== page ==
• Leaving My Greatest Buddy, My Cocker Spaniel Rescue Puppy, Pudgey Killion Tamburini, behind.  I swear I would have qualified for a “therapy dog” 25 years ago had there been such a notion in the popular culture.  All I know is, from now on, my friends and family can expect that an invitation to me means A PACKAGE DEAL and that the love of my life, my therapy dog, Pudgey will “go whether thou  goest.”  I’ll be needing a dog bowl below my seat at your dinner table, please.
    • Finally, And Most Especially Poignant As I Approach “The Back 40” Of My Precious Time On This Planet – I REFUSE To Ever Again Be Rushed, Robbed, Gypped – Out Of Any Moment Or Experience I Want To Enjoy Because Some Grumpy Person I Am With May Be Unamused Or In A Hurry  Late for a meeting?  Carpool? Doctor’s Appointment?  Or Simply Bored?  Too bad.  From now on, if I happen to be enjoying feeling the sun on my face, wind up my skirt, scrolling movie credits, lingering after a delicious meal at a restaurant’s closing time – or WHATEVER – I am going to ignore your bullying attempts to make me hurry!!!  Because I don’t want to miss one single moment of soaking the entirety of this beautiful experience called Life  just because you are being an impatient jerk!

Why a 60-year-old Big Brother is even Cooler than a Teenaged One

I am 12 years younger than my oldest sibling, my big brother, Jim. He was born in 1954 and I was born in 1966, so we are literally a generation apart. He is one of the last hippies and I am one of the first Gen Xers. When I was 4, he went away to the Seminary for boarding school, so I don’t remember living with him all too well. My childhood was marked by the larger-than-life, highly anticipated homecoming visits of my big brother. He drove a brown 1974 Ford LTD and wore blue jean cutoff shorts. He played guitar and sang songs like “A Horse With No Name” by America. He was cool and everybody liked him. He could blow smoke rings and even wrote a song of the same name. When he was home, my Mom baked custard pie and cherry pie and seemed more content because her “Jimmy Dick” was nearby. He made my sister laugh so hard at the supper table milk would run through her nose and she’d get whacked on the top of the head by my Dad’s wedding ring.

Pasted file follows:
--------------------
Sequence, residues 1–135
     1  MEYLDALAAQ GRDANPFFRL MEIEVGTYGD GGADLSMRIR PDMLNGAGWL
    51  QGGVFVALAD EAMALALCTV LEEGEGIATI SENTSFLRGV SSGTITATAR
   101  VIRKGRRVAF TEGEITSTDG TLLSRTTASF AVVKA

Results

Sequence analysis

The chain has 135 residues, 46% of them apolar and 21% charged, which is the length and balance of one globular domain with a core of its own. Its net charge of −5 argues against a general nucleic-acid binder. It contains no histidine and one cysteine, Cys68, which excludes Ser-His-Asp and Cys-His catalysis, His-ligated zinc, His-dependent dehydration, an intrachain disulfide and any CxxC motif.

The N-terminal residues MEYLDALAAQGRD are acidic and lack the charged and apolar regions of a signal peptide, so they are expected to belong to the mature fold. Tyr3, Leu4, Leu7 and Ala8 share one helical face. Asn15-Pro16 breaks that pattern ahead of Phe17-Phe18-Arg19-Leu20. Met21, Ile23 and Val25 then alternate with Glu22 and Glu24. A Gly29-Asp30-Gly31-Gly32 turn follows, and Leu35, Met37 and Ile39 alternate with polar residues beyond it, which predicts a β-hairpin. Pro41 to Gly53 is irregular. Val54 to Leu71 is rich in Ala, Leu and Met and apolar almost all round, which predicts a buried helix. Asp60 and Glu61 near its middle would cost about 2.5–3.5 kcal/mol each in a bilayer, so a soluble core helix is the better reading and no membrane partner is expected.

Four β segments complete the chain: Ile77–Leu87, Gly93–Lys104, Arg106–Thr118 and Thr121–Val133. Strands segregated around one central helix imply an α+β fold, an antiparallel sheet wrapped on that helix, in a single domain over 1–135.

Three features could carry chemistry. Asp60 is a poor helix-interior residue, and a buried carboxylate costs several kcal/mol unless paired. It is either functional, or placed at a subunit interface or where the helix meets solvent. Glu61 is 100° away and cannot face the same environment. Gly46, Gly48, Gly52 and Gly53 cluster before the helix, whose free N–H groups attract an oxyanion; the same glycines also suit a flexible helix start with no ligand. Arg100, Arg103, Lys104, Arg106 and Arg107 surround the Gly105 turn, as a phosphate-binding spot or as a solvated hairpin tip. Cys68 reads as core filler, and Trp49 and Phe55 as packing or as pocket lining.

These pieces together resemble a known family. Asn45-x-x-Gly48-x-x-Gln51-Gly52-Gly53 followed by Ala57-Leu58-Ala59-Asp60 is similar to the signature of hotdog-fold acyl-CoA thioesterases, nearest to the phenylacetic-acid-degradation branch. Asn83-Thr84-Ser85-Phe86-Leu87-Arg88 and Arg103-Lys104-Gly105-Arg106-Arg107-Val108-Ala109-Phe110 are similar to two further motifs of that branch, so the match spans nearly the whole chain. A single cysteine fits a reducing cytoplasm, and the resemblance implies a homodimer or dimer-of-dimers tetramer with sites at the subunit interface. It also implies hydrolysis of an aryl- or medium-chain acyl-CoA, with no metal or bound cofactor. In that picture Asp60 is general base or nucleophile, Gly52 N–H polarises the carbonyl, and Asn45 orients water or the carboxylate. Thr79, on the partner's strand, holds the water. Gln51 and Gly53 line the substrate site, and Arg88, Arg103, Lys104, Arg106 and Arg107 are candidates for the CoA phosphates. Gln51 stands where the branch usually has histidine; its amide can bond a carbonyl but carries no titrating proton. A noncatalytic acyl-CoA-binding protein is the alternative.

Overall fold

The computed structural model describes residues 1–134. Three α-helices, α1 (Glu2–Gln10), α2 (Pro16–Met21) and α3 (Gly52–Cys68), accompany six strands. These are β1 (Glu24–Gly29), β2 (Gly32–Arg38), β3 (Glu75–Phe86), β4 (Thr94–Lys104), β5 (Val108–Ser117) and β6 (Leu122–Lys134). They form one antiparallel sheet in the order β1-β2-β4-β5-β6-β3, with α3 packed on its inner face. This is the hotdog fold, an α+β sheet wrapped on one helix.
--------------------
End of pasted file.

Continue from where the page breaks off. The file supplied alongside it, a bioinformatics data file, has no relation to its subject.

Even though I had 4 beautiful and extremely popular older sisters, I most wanted to be like my big brother because he just emanated “cool,” kind of like Snoopy.

One Easter, Mom had us all lined up in front of the house dressed in our matching outfits so she could make a “home movie” to mark the day. 15-year-old Jim decided to walk like a hunchback so 3-year-old me followed suit dragging my bunny and basket in tow and wearing a bonnet, too. He elevated all the everyday, mundane things to the level of super cosmic. Every evening when he was home, Dad would watch “Batman” and “Get Smart” with him on tv while Mom made supper and the girls set the table. His laughter and quick wit filled the house with energy that lightened the pervasive “girl drama.” My Dad was happy and at his best when Jim was home, too. We all were.

The summer of 1972 my brother had a “far out” garage band. They played “Jumping Jack Flash” and “In A Godda Da Vida.” The kids from town would flock to our house to listen while my parents, glued to the Watergate hearings on tv, sat just inside in their recliners. I pretended to be Tracy Partridge and played tambourine in the background. Even though there was something awfully serious going on in the world that all the grownups seemed to be worried about, I felt safe, happy and most importantly, extra special, because my cool older brother’s band was the hottest thing going in our little town that summer.

So it is no surprise that it was exciting for me to take my 13- and 15-year olds across the country this summer to visit their Cool Uncle Jim, now 60 years old.

To me, having my kids connect with my oldest sibling was like watching 502996_16840263_1972_Ford_LTD200px-tracysingthem unlock a sacred vault into my past and experience the same exhilaration I did as a kid when Jim brought “funny” back to town. They loved him and who wouldn’t??Big Bro Oogling